He also told me about some of the “artifacts” he has found in the area, again, pieces of history which are quite fascinating like a piece of jade that had carvings of a monkey, Sasquatchi, lizard and other animals. The archeologists he showed it to explained what it meant but before we got that far he had to go. Anyway, the point of this post was to comfirm that once again, random questions I ask strangers have led to some of my most interesting conversations!
The guy I have been traveling with recently goes by the name Marathon Man, yes, he was a marathon runner before starting the trail and has still managed to lose 15 pounds! We crossed the border into PA and stopped in for an ice cream. The shoppe was very much an old time place and the tables had a tag that said Tavern on the Green and then an ID number. Not sure what it meant but the brownie covered with mint chocolate chip and hot fudge was fantastic!
So there’s some clown running around up here with the above name who is stealing people’s food, leaving crazy entries in the log books and if you don’t give him what he wants, you will wake up with a note attached to your tent talking about a murdered hiker and bible verses. Yep, this dude needs to become a victim of a stand your ground law, I’ve already met quite a few people who have had run-ins with him, they were all terrified. He’s heading the same direction as me but I haven’t seen a log entry/diatribe from him in 3 days, hopefully he has been taken to a special place and people can get back to enjoying some peace up here. The image below is what someone wrote about him in a log book.
So Marathon Man and I were hiking in the rain and the wind was blowing pretty good and we come across this newish truck backed into a remote parking lot right on the trail. MM hikes much faster than I do and he got there first, a 65ish guy gets out and strikes up a conversation. After 5 minutes of the usual questions he goes to the passenger door and whispers something, at this point my antennae are up trying to figure out what the heck is going on. Then a 70ish year old woman gets out, we are standing about 6 feet in front of drivers headlight, he is to our left and she walks along the passenger side and stops in front if the passenger headlight.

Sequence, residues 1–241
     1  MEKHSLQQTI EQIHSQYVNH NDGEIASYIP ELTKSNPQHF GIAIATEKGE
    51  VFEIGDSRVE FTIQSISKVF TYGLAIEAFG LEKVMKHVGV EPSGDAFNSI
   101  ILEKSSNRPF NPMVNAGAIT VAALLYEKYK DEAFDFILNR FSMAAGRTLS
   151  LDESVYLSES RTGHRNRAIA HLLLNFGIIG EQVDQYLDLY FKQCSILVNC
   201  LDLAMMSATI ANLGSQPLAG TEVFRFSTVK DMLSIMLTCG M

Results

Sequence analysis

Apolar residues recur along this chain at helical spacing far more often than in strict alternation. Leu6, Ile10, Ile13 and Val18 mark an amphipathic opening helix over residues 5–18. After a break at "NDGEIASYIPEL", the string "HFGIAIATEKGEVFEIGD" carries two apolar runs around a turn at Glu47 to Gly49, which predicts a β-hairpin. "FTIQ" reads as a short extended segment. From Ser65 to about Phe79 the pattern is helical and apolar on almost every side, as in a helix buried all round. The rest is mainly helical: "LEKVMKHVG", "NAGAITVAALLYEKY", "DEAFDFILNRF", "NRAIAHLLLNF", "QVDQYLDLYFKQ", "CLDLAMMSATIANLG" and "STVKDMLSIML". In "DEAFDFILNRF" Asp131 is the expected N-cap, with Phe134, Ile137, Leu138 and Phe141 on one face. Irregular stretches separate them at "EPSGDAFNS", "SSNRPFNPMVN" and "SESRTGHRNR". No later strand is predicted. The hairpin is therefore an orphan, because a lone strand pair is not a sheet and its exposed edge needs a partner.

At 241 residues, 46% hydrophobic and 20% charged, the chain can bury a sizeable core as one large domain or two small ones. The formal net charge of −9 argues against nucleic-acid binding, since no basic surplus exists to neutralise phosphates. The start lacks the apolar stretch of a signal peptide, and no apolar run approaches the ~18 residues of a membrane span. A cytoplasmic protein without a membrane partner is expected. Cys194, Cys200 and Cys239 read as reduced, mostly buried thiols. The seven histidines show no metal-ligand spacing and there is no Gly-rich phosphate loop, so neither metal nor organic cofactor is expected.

Now, something was completely odd here but I didn’t feel unsafe or anything, just unsure. And then…he makes some comment like “she lost a bet” and while he is saying this she reaches down and starts to pull up her top, bra and all…and we got slow flashed…so she stands there for a few seconds in the rain letting her girls air out and he has this huge Cheshire cat grin on his face…obviously it’s pretty awkward and um, uncomfortable, so I looked at him and said “looks like the debt has been paid, and I’m a witness”…and with that we walked off…
So I mentioned in a previous post that I am now sleeping in a tent, one of the unfortunate downsides is that on a rainy night like tonight, I have to have my shoes under the tent. Now these things have been wet for 7 days, straight twice now, they have a few hundred miles on them…and the other day I smelled them from over 10 feet away…so yeah, tonight is going to be a long nsdight…
I stopped in Port Clinton, PA and caught up with Marathon Man again. He was told about this rock the locals go jump off of so we went to check it out. It’s a pretty nice spot as you can see so we hung out there for a few hours and had a quick dip/bath in the very chilly water. No rock jumping, it was too cold and too far to swim back but a neat place nonetheless.